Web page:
Now, I cannot deny that in the past I have been as guilty as anyone of daydreaming aloud about wanting to live inside a British Transport film – particularly that Michael Aspell one about the pretty girl balancing the spoon. But even while making such proclamations I was acutely aware that it was all nothing more than borrowed nostalgia from an age only ever found on newsreels and promotional films made by companies that ultimately had a product they wanted you to invest in. That pretty girl never really did exist. That spoon probably never existed either – or if it did it was some kind of super-advanced stunt-spoon borrowed from NASA. Michael Aspell of course did and does exist, but he is highly unlikely to be in any position to effect a rescue any time soon, despite the very pleasing mental image the thought of him doing so conjures up. And as for going back to any kind of golden age, given that our glorious ‘leaders’ appear to have no plans at all for this brave new world they’ve forced upon us, I’m willing to predict an imminent slide into a sort of neo-mediaeval era that will probably look ironically similar to that other great Keith Chegwin star-turn, the 1976 Children’s Film Foundation classic Robin Hood Junior. Never mind the youth of today, should these dark ages actually return, I guarantee you we’ll ALL be knifing each other!
I wish Peter Noone was here. He’d know what to do…
So now, in some small attempt to calm the madness and put all this borrowed nostalgia into the correct perspective, I’d like to belatedly share with you this report I produced for BBC World Service a few weeks ago on the subject of Ian Rawes and his remarkable London Sound Survey archive. Ian has featured on these pages before, of course, but the announcement of another of his ‘London’s Lost Sounds’ listening events, where the bygone sounds of London are served up for a modern audience was just too good an opportunity to miss reporting on. Originally due for transmission three weeks ago, but held back in the wake of Muhammad Ali’s death, sharing it with you here and now feels entirely appropriate.
I could listen to Ian talking about such things for hours and he’s the perfect tour guide, putting these precious recordings in context for his growing audiences, leading them into this long-forgotten world with just the right combination of awe, wonder and pragmatism – none of the sugar-coating or bluster of the louder, brasher voices we’ve been hearing so much of lately.
In a week when it’s beginning to look distinctly likely that we’re on the cusp of losing something a whole lot greater than lavender sellers and inept fortune-tellers, we must cherish these sounds more than ever – but we must also bear in mind that, enticing as they are, recordings such as ‘Hopping Holiday’ are often partial fabrications themselves, a scenario set up in the presence and for the benefit of a microphone. Does this make them any less special? Hardly. But it might just make us question the legitimacy of mourning for some supposed golden age where young boys everywhere were at liberty to cycle down a beautifully clean, monocultural high street without being menaced by drug dealers, while the lead singer of a contemporary beat combo follows at a safe distance, nodding his approval from the safety of a toy car.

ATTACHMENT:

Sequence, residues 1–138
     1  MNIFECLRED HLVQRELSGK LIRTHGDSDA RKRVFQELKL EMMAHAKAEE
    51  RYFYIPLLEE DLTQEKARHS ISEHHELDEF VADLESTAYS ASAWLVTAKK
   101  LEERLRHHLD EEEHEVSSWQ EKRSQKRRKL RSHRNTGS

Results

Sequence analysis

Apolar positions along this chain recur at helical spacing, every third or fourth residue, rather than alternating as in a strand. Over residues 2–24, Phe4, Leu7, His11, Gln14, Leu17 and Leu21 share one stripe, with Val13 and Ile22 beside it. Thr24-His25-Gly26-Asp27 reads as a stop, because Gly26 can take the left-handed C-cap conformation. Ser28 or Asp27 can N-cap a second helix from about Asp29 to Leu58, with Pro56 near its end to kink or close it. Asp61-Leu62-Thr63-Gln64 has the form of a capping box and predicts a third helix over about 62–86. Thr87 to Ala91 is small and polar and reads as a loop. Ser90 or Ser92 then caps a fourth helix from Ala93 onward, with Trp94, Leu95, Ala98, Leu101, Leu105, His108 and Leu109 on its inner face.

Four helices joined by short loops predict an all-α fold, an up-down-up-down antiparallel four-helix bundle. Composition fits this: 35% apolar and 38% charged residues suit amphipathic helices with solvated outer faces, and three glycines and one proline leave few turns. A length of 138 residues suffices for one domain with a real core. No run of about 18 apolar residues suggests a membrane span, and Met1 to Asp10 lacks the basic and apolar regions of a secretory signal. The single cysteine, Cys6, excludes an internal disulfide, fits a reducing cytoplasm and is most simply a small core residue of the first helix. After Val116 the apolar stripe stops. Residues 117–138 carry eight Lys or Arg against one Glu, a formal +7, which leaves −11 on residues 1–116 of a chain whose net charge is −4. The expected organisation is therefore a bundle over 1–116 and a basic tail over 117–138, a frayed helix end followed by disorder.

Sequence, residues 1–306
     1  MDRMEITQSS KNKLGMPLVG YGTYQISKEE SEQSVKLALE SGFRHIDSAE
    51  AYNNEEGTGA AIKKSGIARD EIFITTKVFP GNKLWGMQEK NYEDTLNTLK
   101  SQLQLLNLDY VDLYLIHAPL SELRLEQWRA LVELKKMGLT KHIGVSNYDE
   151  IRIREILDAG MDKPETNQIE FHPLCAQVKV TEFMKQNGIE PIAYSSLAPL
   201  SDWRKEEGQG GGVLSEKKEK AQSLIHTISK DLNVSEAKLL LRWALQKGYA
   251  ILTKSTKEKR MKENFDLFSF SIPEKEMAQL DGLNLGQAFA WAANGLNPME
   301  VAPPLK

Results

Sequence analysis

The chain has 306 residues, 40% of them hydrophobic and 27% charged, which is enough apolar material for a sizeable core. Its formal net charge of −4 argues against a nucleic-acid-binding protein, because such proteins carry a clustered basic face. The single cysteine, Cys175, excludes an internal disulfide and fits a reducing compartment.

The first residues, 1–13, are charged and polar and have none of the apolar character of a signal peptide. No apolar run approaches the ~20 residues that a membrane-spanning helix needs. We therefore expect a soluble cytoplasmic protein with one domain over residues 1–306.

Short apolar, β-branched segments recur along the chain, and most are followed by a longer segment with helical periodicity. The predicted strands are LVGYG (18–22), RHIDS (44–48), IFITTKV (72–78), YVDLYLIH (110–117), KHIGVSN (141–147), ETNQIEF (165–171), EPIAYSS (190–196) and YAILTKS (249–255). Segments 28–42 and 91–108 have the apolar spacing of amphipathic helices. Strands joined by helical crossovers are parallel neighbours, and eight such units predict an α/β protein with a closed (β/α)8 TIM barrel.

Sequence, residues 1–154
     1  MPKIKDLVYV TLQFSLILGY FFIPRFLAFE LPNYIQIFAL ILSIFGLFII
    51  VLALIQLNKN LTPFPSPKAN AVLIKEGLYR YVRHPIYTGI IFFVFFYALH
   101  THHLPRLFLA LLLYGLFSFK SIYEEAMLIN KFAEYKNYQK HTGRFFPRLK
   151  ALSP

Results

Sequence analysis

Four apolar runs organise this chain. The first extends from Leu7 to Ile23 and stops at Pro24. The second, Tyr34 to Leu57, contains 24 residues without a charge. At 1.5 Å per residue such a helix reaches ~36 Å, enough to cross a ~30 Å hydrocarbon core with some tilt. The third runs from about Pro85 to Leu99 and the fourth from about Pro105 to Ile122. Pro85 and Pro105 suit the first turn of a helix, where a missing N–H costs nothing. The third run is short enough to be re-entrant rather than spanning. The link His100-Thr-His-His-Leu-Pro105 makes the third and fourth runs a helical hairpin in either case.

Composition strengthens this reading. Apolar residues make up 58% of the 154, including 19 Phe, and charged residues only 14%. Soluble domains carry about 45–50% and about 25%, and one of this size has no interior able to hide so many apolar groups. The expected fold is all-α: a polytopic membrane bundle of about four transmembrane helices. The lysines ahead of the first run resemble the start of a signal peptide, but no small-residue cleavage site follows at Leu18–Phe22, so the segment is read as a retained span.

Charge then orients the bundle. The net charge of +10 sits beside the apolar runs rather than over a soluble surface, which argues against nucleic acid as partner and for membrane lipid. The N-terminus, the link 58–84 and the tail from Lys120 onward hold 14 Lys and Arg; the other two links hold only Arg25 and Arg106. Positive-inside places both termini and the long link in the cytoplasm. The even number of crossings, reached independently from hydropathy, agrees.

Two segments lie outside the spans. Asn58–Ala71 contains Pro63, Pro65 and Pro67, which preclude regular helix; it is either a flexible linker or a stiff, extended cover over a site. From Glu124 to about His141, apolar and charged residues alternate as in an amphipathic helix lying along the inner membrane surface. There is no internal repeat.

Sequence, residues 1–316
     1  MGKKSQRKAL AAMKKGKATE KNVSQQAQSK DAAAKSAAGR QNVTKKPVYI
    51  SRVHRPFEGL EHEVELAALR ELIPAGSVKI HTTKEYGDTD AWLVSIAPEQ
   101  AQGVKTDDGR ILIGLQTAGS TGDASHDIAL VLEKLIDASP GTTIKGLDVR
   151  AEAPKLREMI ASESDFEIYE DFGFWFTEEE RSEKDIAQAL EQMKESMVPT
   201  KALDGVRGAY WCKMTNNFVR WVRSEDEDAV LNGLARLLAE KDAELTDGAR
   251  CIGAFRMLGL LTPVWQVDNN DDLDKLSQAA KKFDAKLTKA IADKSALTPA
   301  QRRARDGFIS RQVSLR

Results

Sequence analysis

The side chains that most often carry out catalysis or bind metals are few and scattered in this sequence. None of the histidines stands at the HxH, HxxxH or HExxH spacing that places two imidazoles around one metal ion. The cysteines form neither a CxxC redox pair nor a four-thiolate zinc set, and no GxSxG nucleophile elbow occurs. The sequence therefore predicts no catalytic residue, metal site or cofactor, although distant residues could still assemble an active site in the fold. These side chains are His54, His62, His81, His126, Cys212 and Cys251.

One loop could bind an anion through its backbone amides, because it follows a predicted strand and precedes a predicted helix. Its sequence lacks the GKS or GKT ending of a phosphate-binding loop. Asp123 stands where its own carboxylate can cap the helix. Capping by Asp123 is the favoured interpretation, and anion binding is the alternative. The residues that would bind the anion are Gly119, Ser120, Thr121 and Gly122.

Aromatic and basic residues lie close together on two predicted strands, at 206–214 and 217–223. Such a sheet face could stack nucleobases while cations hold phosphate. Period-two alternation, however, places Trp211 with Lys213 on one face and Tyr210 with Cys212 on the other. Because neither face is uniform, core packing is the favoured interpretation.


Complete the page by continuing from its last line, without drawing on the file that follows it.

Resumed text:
Those weren’t the days. These are the days – and we’re in severe danger of irretrievably screwing them up.
Save us, Mr. Aspell!
Finally, a quick word about this week’s Near Mint, in which Hannah and I decided that the only way to cheer ourselves up post-result was to pop down to Rat Records in Camberwell for a browse through the racks, while our old chums Jonny Trunk and DJ Food spun library and soundtracks behind the counter. As luck would have it we bumped into a number of old friends and fellow vinyl nerds, including former guests Strictly Kev, Tom Central and Resonance’s Lucky Cat Zoe. It was decided the most sensible course of action would be to pack them all off down the pub for a spot of post-digging show-and-tell and this week’s show is the hastily-edited and slightly tipsy result…
Hello. There’s loads to tell you and plenty going on, including a new Howlround work to be premiered in an derelict tower-block in July (shortly before demolition – but hopefully not too shortly!) as well some forthcoming gigs and two new short works for radio, but to be honest I think I’m just going to wait for this whole EU thing to blow over first. Self-promotion is hard enough at the best of times without having to compete with the hectoring and bellowing of all these right-wing loons such as that mouthy woman who appears to have become a major political force after rising to fame by calling other women fat on Twitter…
But in the meantime I will at least provide you with this week’s Near Mint show, which has been put together by guest curator Chris Tillotson, an LA-based musician and expert crate digger who runs the Starving Daughters Vinyl Impressions blog. It’s a glorious mix of largely-Italian and seriously rare library and soundtrack cues that I fear may go un-noticed because of unfortunate timing and our current state of national hysteria. Have a click and a listen and then go visit Chris’ blog for more of the same. He also produces original music under the Starving Daughters name and that’s pretty great too…
Everything else can wait until next week. Except to say thanks to everyone who came down to Cafe Oto last night and made it such a special event. It was great to hear live sets from fellow-performers Ben Neill and Radionics Radio, to report that the machines were suspiciously well behaved; and to see so many friends old and new in attendance. Special thanks must also go to Gabriel Edvy for this rather splendid image, which is probably the most photogenic I’ve looked in years…
Business as usual next week? Hope so….
— Howlround (@Howlroundmusic) June 23, 2016